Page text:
Meditation is something almost everyone agrees is a good practice for quietening the mind and connecting with our deeper selves. We all know that running around busy all the time is not the right way to live, but that’s how we are nowadays.
Meditation has many benefits, it relieves stress, anxiety, and even depression, as learning to shift the focus from your mind to your heart brings greater inner peace and happiness.
But, how does meditation help us to experience inner peace and happiness? It helps us in that it shows us that it is possible to move out of our unhealthy moods or states of mind.
If we are not aware of how we can get stuck in negative thinking patterns and feelings, how then can we change them?
The secret is to know that you do have the power to change how you think and feel by entering into meditation (being still). When you get still, you will become aware of how unhealthy your thoughts have been.
In meditation, you are moving from the mind to the heart. The heart in the Bible is referred to as the centre point of stability, but it is also the point of life. (Fr. Laurence Freeman)
This is the invitation of Christian Meditation. Come into the secret inner room (your heart) and find oneness with God. In this place, you will experience peace and happiness.
“But when you pray, go into your room, close the door and pray to your Father, who is unseen. Then your Father, who sees what is done in secret, will reward you.” (Matthew 6:6)
God wants to be known, and the best way for you to know God is through prayer and meditation. By prayer, I mean contemplative prayer. There are other forms of prayer, but meditation is contemplative.
“Be Still and Know that I am God.” (Psalm 46:10)
What is Meditation?
Meditation is a universal spiritual wisdom and practice found at the core of all great religious traditions, leading from the mind to the heart. According to The World of Christian Meditation (wccm.org), meditation is a way of simplicity, silence, and stillness.
A Brief History Of Meditation
Some of the earliest written records of meditation (Dhyana), come from the Hindu traditions of Vedanatism around 1500 BCE. Around 6th to 5th centuries BCE, other forms of meditation developed in Taoist China and Buddhist India. Into the Middle Ages was the growth of Japanese Buddhism from the 8th century onwards. This developed further in Japan where Zen techniques were practiced. Jewish meditation also grew and changed at this time.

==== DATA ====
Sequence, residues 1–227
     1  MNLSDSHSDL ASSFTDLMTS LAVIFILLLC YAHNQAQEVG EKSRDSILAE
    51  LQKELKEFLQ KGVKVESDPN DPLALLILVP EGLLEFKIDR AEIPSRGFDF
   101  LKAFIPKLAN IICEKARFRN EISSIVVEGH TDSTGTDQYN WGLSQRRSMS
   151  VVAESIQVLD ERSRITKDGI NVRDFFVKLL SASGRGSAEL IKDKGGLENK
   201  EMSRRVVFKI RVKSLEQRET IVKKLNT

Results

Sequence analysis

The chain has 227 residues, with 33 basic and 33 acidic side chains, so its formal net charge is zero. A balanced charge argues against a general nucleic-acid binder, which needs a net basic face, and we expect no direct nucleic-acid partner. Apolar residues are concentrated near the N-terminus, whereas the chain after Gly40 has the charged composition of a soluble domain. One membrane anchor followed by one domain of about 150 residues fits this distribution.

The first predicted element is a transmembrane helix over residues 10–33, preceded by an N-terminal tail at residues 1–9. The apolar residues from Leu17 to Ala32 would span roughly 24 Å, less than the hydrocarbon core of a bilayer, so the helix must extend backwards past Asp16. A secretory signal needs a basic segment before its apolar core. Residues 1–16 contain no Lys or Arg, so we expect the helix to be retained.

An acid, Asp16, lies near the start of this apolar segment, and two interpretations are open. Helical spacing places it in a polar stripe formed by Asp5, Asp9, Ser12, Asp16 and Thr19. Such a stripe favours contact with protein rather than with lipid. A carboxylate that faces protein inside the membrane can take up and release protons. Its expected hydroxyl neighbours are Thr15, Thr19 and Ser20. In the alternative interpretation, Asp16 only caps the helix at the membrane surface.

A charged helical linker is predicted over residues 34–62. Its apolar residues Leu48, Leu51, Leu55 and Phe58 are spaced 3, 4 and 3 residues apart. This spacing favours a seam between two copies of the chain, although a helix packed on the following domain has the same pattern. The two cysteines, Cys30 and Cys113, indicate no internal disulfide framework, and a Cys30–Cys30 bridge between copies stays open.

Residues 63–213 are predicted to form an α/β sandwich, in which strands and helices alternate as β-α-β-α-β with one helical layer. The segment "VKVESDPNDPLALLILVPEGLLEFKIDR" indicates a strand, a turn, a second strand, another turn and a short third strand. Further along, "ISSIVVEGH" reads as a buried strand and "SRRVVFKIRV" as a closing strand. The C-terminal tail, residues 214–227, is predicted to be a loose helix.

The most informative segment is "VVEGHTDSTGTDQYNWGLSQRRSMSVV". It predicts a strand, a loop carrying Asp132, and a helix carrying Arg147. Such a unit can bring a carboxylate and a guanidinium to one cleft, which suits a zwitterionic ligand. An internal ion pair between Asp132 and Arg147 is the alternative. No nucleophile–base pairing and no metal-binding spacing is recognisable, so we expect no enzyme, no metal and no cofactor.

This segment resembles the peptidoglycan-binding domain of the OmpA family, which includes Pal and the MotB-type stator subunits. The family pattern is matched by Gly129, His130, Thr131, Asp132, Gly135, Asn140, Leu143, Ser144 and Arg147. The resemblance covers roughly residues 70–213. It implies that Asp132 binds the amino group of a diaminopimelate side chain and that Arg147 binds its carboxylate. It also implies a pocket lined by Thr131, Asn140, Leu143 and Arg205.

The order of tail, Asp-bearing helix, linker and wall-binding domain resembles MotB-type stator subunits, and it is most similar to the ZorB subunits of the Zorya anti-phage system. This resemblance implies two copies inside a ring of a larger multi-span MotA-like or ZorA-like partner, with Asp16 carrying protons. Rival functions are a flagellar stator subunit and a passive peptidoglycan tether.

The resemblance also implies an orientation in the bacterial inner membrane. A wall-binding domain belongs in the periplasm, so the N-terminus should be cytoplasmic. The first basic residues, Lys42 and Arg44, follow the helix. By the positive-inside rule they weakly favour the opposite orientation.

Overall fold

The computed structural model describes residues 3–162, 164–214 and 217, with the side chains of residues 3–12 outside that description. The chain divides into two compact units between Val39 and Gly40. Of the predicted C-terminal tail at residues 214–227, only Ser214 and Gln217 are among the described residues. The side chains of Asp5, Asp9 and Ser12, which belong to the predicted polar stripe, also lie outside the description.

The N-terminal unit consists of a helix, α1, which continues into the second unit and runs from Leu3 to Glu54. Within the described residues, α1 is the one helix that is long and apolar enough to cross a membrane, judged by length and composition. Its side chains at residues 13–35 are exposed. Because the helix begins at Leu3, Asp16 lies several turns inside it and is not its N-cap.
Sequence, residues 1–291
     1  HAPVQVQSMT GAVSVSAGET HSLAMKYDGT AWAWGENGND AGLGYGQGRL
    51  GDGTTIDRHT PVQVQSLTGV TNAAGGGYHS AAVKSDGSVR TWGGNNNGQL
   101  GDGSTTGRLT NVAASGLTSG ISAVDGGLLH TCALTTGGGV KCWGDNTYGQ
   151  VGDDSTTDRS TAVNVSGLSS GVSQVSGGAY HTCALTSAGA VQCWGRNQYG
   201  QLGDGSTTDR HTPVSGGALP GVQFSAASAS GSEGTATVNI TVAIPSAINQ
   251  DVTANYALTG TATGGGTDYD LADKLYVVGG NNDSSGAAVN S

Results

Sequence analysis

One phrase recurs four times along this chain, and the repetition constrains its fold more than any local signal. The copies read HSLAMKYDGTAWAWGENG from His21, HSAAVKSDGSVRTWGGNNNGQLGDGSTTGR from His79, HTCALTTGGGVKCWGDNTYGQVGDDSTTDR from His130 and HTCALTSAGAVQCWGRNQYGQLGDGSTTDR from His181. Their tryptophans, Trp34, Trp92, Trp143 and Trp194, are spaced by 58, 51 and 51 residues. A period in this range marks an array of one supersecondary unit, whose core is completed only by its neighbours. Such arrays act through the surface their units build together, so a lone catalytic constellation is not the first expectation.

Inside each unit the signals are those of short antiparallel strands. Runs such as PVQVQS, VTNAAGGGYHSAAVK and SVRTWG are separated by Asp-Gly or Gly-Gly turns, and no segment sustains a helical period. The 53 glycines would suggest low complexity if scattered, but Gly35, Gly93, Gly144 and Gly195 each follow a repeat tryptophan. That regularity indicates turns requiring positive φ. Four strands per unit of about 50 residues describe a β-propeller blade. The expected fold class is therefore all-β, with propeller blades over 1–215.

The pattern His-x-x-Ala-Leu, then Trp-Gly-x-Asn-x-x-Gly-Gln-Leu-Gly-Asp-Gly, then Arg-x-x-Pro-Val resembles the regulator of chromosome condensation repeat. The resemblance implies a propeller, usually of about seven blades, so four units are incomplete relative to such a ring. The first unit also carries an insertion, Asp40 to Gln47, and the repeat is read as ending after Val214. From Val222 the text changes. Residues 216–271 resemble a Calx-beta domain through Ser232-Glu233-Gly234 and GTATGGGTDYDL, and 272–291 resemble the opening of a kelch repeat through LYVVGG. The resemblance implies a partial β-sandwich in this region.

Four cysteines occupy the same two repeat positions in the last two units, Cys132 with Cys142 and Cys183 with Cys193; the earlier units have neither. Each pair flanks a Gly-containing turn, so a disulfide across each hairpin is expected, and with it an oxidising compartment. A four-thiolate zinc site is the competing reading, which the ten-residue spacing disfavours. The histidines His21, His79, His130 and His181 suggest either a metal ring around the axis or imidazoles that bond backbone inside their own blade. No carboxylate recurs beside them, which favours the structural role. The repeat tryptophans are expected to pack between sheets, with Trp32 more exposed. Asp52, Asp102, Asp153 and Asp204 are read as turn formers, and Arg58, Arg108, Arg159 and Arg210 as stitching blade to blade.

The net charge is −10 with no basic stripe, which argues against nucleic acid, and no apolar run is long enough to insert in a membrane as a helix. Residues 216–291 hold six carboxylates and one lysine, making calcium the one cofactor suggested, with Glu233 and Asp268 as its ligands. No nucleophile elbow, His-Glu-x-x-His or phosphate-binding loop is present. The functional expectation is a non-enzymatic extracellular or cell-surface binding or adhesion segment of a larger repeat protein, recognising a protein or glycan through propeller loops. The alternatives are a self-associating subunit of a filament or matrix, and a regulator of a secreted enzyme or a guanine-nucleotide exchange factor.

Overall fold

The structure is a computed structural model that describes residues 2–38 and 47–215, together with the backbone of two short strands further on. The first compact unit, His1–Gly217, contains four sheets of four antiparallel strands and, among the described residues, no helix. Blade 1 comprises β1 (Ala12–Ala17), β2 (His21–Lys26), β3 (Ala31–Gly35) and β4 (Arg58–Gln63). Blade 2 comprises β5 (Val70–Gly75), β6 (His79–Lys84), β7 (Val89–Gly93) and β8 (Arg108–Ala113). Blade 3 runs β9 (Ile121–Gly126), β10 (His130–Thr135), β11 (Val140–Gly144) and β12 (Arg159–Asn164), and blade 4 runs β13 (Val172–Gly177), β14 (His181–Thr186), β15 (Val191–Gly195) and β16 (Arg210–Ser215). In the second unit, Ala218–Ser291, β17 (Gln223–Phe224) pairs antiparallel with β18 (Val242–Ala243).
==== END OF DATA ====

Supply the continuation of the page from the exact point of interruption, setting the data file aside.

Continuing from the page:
Sufi mysticism had its beginnings in the first centuries following the life of Prophet Mohammed, but there is another view that Sufism traces back to the early Christian mystics of Syria and Egypt. Sufi view or Islamic mysticism involves meditative practices and meditation and contemplation of Allah is a large part of their daily prayers known as Dhikr.
Buddhists pursue meditation as part of the path toward Enlightenment and Nirvana. Buddhist meditation encompasses a variety of meditation techniques that aim to develop mindfulness, concentration, supramundane powers, tranquillity, and insight.
Dhyana in Hinduism means contemplation, reflecting, and meditation. Dhyana is taken up in Yoga exercises and is said to lead to samadhi and self-knowledge.
New Age meditations are often influenced by Eastern philosophy, mysticism, yoga, Hinduism, and Buddhism.
Prayer has been an essential part of Christianity since its earliest days. As the Middle Ages began, the monastic traditions of both Western and Eastern Christianity moved beyond vocal prayer to Christian mediation.
The progression from Bible reading, to mediation, to loving regard for God, was first formally described by Guigo II, a Carthusian monk who died late in the 12th century.
Later in the Middle Ages, Lectio Divina became a regular form of prayer. In the 14th century, Geard of Zutphen had built on ‘Guigo’s Ladder’ to write his major work On Spiritual Ascents.
He warned against considered meditation without reading of scripture and felt that the reading prepares the mind for right connection with God.
Practicing Lectio Divina
John Main a Roman Catholic priest and Benedictine monk introduced a way of Christian meditation in the early 1970s which used a prayer-phrase or mantra. He said the elements of meditation were silence, stillness, simplicity.
The mantras can be sacred words such as Jesus, Abba, God, or Maranatha his one of choice, which means “Come Lord”. The point is not to focus on the meaning of the word but just to say it to stop the mind from getting distracted and bring it into stillness.
According to Main, the great challenge to us in learning to meditate is its simplicity. It is a simple practice, but not an easy one. It takes a willingness and a deep desire for union with God. It’s not enough to just say it’s a stress reliever (although it does relieve stress), it is so much more and will take you further into the unknown dimensions of self and God.
Even among Christians, there are different thoughts on meditation and what is the right way to go about it.